Deer ribs often get discarded because hunters don't know how to cook them. The ribs are large and have a lot of connective tissue. The ribs are also very lean, but brining or marinating adds needed moisture.
Venison is a good source of niacin, iron, vitamins B12, B6 and riboflavin, according to the USDA. Consider trying some venison recipes —this meat is also lower in fat than beef and has higher levels of healthy omega-3 fats.
Practice food safety when preparing venison. According to Michigan State University, raw venison should be stored in the refrigerator at 40 degrees F or colder, for no longer than three to five days.
Marinating Venison Ribs
Step 1: Trim the Venison
Trim the venison ribs of fat and membranes.
Step 2: Slice the Ribs
Slice through the ribs with a hacksaw, cutting them into 3 strips of ribs. Cut each strip into pieces of three or four ribs each.
Step 3: Prepare the Brine or Marinade
Prepare a brine using 1 cup each of sugar and salt per 1 gallon of water. Heat the water until the salt and sugar dissolve. Add herbs and spices, such as whole peppercorns, mustard seeds, fresh or dried thyme, oregano and rosemary, to flavor the brine.
Chill the brine in the refrigerator. Alternately, use a venison marinade recipe made from apple cider vinegar, orange juice or lime juice. Flavor it with dried oregano, minced garlic, and salt and pepper to taste. If you to parboil the ribs before cooking, skip the marinating step and season the ribs after boiling.
Step 4: Marinate the Ribs
Cover the venison ribs in brine or marinade. Soak in the refrigerator overnight. Remove the ribs from the brine and rinse off the salt. Pat them dry with paper towels.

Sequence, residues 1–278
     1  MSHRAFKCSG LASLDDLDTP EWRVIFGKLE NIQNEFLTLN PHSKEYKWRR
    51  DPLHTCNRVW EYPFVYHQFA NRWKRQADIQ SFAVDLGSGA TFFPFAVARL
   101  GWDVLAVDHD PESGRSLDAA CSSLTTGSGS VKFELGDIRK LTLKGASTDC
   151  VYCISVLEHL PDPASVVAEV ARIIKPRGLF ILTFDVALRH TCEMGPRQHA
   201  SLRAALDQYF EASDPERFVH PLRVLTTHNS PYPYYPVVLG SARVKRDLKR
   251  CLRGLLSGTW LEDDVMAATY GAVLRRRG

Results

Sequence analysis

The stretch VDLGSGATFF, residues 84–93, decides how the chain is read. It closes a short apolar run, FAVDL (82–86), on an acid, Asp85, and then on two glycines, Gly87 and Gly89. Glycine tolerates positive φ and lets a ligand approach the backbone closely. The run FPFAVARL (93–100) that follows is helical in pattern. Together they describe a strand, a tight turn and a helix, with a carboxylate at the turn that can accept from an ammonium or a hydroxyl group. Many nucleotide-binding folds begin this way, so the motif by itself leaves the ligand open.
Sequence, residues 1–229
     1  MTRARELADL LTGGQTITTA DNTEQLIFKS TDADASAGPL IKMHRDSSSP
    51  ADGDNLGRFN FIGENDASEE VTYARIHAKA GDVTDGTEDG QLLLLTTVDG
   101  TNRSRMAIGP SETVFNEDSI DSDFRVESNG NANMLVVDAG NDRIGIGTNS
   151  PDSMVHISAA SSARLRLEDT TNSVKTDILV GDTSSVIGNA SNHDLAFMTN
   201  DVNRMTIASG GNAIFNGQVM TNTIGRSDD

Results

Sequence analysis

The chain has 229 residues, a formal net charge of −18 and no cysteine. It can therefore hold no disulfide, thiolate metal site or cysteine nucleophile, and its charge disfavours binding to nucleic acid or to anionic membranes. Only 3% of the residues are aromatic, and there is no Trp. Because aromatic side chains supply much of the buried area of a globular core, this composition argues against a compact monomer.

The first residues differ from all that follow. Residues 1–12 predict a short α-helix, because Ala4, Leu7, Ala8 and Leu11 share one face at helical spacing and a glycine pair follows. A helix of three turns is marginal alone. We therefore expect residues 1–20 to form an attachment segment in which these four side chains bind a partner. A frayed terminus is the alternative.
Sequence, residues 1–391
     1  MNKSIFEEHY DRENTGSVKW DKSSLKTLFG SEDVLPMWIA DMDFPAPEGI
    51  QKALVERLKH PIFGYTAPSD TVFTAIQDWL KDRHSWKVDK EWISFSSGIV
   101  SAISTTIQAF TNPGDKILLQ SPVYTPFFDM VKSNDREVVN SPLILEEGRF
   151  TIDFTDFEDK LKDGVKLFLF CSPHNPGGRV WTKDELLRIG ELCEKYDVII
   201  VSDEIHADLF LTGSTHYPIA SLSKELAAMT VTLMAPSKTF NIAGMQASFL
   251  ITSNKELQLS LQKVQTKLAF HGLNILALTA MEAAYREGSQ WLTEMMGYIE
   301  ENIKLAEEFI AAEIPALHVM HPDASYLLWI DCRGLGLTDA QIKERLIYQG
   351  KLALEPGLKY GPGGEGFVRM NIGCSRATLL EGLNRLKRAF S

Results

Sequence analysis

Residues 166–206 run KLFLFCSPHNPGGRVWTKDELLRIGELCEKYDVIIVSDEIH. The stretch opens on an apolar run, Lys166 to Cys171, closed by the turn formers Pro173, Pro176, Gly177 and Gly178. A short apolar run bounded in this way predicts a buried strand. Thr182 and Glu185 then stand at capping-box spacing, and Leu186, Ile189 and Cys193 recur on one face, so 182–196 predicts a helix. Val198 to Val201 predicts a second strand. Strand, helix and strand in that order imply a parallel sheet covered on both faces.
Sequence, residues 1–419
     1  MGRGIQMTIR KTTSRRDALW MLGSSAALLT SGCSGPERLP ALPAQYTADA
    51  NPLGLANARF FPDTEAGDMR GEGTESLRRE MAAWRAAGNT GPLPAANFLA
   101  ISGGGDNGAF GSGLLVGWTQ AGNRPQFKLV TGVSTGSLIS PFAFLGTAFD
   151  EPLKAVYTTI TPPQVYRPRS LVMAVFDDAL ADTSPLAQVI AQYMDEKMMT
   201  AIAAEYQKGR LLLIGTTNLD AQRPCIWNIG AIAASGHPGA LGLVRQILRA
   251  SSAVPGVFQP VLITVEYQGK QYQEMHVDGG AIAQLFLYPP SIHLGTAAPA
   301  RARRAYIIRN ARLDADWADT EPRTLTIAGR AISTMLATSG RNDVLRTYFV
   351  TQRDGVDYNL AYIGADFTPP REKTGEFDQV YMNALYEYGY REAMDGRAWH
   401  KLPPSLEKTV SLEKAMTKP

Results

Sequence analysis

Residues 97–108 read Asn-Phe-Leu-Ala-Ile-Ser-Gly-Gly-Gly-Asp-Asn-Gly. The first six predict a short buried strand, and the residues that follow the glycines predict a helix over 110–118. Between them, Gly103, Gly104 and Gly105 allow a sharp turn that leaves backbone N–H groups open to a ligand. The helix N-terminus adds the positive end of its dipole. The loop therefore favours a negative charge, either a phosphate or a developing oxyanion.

Roast the Deer Ribs
Step 1: Prep the Ribs
Place the ribs in a roasting pan. Season them with salt and pepper to taste and rub them with vegetable oil or melted butter. Preheat the oven to 300 degrees Fahrenheit. Cover the ribs with the roaster lid or foil.
Step 2: Bake and Baste
Bake the ribs for four hours, basting every 30 minutes with pan juices or melted butter.
Step 3: Brown the Meat
Increase the heat to 400 F and remove the lid or foil when the ribs are tender. Roast at 400 F until nicely browned, about five to 10 minutes.
Pressure-Cooking Venison Ribs
Step 1: Position the Ribs
Place the rib portions in the pressure cooker with just enough water to cover them.
Step 2: Cook Under Pressure
Close the pressure cooker and heat it until a steady stream of steam escapes. Place the weight on the pressure cooker and cook at 10 to 15 pounds of pressure for 30 minutes.
Step 3: Remove and Cool
Bring the pressure down quickly, following your manufacturer's instructions. Remove the ribs from the cooker and allow them to cool.
Step 4: Add a Rub
Rub the ribs with your favorite dry rub mixture or coat them with barbecue sauce. Grill or broil them at high heat for 10 to 15 minutes until the ribs and sauce begin to brown.
Parboiling and Grilling Deer Ribs
Step 1: Cover and Boil
Cover the ribs pieces with water and bring to a boil. Simmer the ribs for 1 hour.
Step 2: Heat the Grill
Heat the grill to medium-high heat.
Step 3: Coat the Ribs
Coat the ribs with dry rub or barbecue sauce. Grill the ribs for approximately 20 minutes, turning once, until the ribs are browned.
Slow-Cooker Venison Ribs
Step 1: Parboil the Ribs
Parboil the ribs covered in water for 30 minutes to remove as much fat as possible.
Step 2: Add Some Sauce
Place the ribs in the slow-cooker and cover them with a commercial barbecue sauce or a flavorful liquid such as apple cider or beer.
Step 3: Cook the Ribs
Cook the ribs on the high setting for 4 hours or on low for 8 hours.
Step 4: Season and Brown
Remove the ribs from the slow-cooker. If you cooked them in a liquid other than barbecue sauce, season them with salt and pepper or a dry rub. Place them on a broiler pan under high heat for 10 to 15 minutes or until the ribs and sauce are lightly browned, turning once.
Venison meat can appear pink inside even when it is cooked properly. Use a meat thermometer to verify that the internal temperature has reached 165 F, as recommended by the USDA Food Safety and Inspection Service, if there is any doubt. Ribs become fork tender at temperatures around 180 F.